lil bit
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lil bit
Groomer

USA
46 Posts

Posted - 11/10/2005 :  2:36:50 PM  Show Profile  Visit lil bit's Homepage Send lil bit a Private Message
I just wanted to say thank you for welcoming me to the forum and everyone who responded. And i am going to get out their and do some ground work with him this weekend. I think that some alone time without my husband with the horse will help him see me as his owner also. Hook i am 4'10" so it is very possible he thinks im a child. I am a little confused on what yall mean by groundwork though. I feel silly but i said i was brand new. I assume it means walking him and getting him to stop when i want him too?? I am also going to check into lessons next week. Thanks for all your great advice. And keep it coming because im definately listening.

lil bit
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hmeyer
Clinician



USA
2194 Posts

Posted - 11/10/2005 :  3:04:43 PM  Show Profile Send hmeyer a Private Message
First of all, a note of caution. As a beginner, and since you still need to establish your relationship with your horse, I would do the work while someone else is there with you, either your husband who could just stand back and observe, or some other adult (just in case of an accident).

Groundwork would include such things as catching, haltering, leading, stopping, turning, stepping away with the hind quarters, backing, lunging, directing and driving while on a lead, etc. Also teaching him manners and respecting your space. You can find lots of information on the internet about all of these things. Also, Google search for information about learning to read the horse's body language and how to use the proper body language yourself. Horses are masters at reading body language. Also, read some articles about safety around your horse. You do need to have a healthy respect for the dangers involved with being around horses because they have such a size and strength advantage on you. But by learning and applying the proper techniques, you can remain safe, have fun, and develop a good relationship with your horse without having undue fears. I would definitely take the lessons or get some expert help.

Edited by - hmeyer on 11/10/2005 3:07:55 PM
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hmeyer
Clinician



USA
2194 Posts

Posted - 11/10/2005 :  3:04:43 PM  Show Profile Send hmeyer a Private Message
First of all, a note of caution. As a beginner, and since you still need to establish your relationship with your horse, I would do the work while someone else is there with you, either your husband who could just stand back and observe, or some other adult (just in case of an accident).

Groundwork would include such things as catching, haltering, leading, stopping, turning, stepping away with the hind quarters, backing, lunging, directing and driving while on a lead, etc. Also teaching him manners and respecting your space. You can find lots of information on the internet about all of these things. Also, Google search for information about learning to read the horse's body language and how to use the proper body language yourself. Horses are masters at reading body language. Also, read some articles about safety around your horse. You do need to have a healthy respect for the dangers involved with being around horses because they have such a size and strength advantage on you. But by learning and applying the proper techniques, you can remain safe, have fun, and develop a good relationship with your horse without having undue fears. I would definitely take the lessons or get some expert help.

Edited by - hmeyer on 11/10/2005 3:07:55 PM
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lil bit
Groomer

USA
46 Posts

Posted - 11/15/2005 :  2:56:21 PM  Show Profile  Visit lil bit's Homepage Send lil bit a Private Message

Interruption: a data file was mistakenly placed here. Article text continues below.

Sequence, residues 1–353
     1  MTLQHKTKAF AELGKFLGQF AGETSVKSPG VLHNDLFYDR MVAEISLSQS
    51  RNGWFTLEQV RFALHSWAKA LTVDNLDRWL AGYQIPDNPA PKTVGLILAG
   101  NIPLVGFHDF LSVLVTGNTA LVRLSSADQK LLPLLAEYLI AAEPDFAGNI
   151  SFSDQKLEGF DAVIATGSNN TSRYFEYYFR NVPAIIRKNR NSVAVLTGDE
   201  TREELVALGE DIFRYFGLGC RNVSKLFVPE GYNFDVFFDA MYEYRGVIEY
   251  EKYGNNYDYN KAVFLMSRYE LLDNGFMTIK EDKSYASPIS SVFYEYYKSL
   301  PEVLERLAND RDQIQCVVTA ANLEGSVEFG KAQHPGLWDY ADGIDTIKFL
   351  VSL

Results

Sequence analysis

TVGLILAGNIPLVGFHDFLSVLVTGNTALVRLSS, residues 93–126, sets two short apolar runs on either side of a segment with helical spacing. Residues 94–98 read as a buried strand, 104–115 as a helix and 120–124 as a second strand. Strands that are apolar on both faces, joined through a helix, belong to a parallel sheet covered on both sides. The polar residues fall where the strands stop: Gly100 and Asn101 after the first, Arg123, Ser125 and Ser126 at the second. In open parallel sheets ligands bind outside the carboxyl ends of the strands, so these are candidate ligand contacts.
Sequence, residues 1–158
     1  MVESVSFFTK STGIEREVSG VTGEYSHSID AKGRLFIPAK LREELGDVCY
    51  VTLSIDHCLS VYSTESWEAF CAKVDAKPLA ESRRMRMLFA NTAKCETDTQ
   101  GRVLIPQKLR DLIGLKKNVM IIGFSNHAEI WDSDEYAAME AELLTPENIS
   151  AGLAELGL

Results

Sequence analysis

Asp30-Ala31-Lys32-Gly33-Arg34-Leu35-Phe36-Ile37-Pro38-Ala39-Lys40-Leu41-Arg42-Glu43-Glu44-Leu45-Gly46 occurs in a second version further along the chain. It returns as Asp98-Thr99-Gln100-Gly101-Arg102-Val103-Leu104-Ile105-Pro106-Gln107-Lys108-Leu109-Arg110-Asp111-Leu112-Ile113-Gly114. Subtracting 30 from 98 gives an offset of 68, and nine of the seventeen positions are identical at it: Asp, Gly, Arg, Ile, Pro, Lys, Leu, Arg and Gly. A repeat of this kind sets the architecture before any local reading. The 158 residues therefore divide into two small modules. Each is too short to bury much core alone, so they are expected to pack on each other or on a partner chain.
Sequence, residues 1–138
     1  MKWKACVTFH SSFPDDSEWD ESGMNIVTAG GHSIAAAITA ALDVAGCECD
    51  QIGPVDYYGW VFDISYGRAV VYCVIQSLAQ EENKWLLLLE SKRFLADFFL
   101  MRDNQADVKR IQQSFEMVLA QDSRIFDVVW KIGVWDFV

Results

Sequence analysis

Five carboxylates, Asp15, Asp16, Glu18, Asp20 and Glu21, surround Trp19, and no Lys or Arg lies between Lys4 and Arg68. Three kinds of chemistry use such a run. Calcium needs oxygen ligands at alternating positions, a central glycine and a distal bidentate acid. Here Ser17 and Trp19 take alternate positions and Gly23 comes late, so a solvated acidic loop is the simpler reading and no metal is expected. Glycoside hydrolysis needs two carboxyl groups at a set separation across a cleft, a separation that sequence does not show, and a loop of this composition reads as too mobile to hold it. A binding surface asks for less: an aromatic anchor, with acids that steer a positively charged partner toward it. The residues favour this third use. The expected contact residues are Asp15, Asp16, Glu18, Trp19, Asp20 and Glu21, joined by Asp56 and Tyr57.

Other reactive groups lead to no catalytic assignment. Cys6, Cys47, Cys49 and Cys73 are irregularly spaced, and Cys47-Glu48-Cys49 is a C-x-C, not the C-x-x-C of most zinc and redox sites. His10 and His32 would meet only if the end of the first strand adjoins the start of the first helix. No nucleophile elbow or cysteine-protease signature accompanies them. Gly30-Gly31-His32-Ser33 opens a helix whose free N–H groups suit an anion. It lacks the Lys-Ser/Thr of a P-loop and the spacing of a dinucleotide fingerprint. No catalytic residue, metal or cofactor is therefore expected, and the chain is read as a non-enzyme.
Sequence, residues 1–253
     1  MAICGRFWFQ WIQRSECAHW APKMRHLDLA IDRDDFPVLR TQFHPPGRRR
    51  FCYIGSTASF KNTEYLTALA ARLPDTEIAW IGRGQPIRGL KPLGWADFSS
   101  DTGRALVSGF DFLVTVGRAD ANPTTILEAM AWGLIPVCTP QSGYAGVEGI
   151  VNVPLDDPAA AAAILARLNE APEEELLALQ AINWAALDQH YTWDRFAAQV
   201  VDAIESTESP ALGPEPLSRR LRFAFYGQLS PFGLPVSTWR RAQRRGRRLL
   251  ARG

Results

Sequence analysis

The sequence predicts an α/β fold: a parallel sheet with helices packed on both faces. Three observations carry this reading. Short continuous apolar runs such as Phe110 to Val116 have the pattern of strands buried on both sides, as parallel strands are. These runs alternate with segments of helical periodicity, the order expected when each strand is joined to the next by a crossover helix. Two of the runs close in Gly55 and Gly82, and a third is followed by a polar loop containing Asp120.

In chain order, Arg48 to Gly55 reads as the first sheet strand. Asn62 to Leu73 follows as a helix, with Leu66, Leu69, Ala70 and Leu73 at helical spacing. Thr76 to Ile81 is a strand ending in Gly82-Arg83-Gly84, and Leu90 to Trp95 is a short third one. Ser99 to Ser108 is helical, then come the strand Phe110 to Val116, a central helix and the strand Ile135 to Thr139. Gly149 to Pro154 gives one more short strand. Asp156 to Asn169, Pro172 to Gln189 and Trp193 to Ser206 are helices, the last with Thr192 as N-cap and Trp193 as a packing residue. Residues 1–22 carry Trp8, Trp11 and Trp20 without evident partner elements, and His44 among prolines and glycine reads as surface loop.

just a quick note to say i've been doing groundwork with diago, and he is doing good. I got on him yesterday with supervision. And he did great. i was able to steer him away from my husband and make him turn for me. Also was able to get him to go down the hill and thru the a small shallow section of the pond. Still pretty nervous but making progress. Cant wait to get off work and get out their with my horse. Thanks for all the great advice.

lil bit
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lil bit
Groomer

USA
46 Posts

Posted - 11/15/2005 :  2:56:21 PM  Show Profile  Visit lil bit's Homepage Send lil bit a Private Message
just a quick note to say i've been doing groundwork with diago, and he is doing good. I got on him yesterday with supervision. And he did great. i was able to steer him away from my husband and make him turn for me. Also was able to get him to go down the hill and thru the a small shallow section of the pond. Still pretty nervous but making progress. Cant wait to get off work and get out their with my horse. Thanks for all the great advice.

lil bit
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hmeyer
Clinician



USA
2194 Posts

Posted - 11/15/2005 :  3:05:32 PM  Show Profile Send hmeyer a Private Message
Great news! Congratulations!
Just be sure to try to relax when riding him. He will be able to sense when you are nervous and tense.
It's all downhill from here!
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hmeyer
Clinician



USA
2194 Posts

Posted - 11/15/2005 :  3:05:32 PM  Show Profile Send hmeyer a Private Message
Great news! Congratulations!
Just be sure to try to relax when riding him. He will be able to sense when you are nervous and tense.
It's all downhill from here!
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Hook
Trail Boss (Moderator)



Canada
6115 Posts

Posted - 11/15/2005 :  5:04:12 PM  Show Profile  Visit Hook's Homepage Send Hook a Private Message
Great news. Keep us posted on your progress.

Ed

"How Tyme Flys"
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Hook
Trail Boss (Moderator)



Canada
6115 Posts

Posted - 11/15/2005 :  5:04:12 PM  Show Profile  Visit Hook's Homepage Send Hook a Private Message
Great news. Keep us posted on your progress.

Ed

"How Tyme Flys"
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ttyndale
Trainer

USA
744 Posts

Posted - 11/15/2005 :  6:23:40 PM  Show Profile  Visit ttyndale's Homepage Send ttyndale a Private Message
Hey, that's what it is all about, one small step at a time. Sooner than you know it you will hitting the ground running.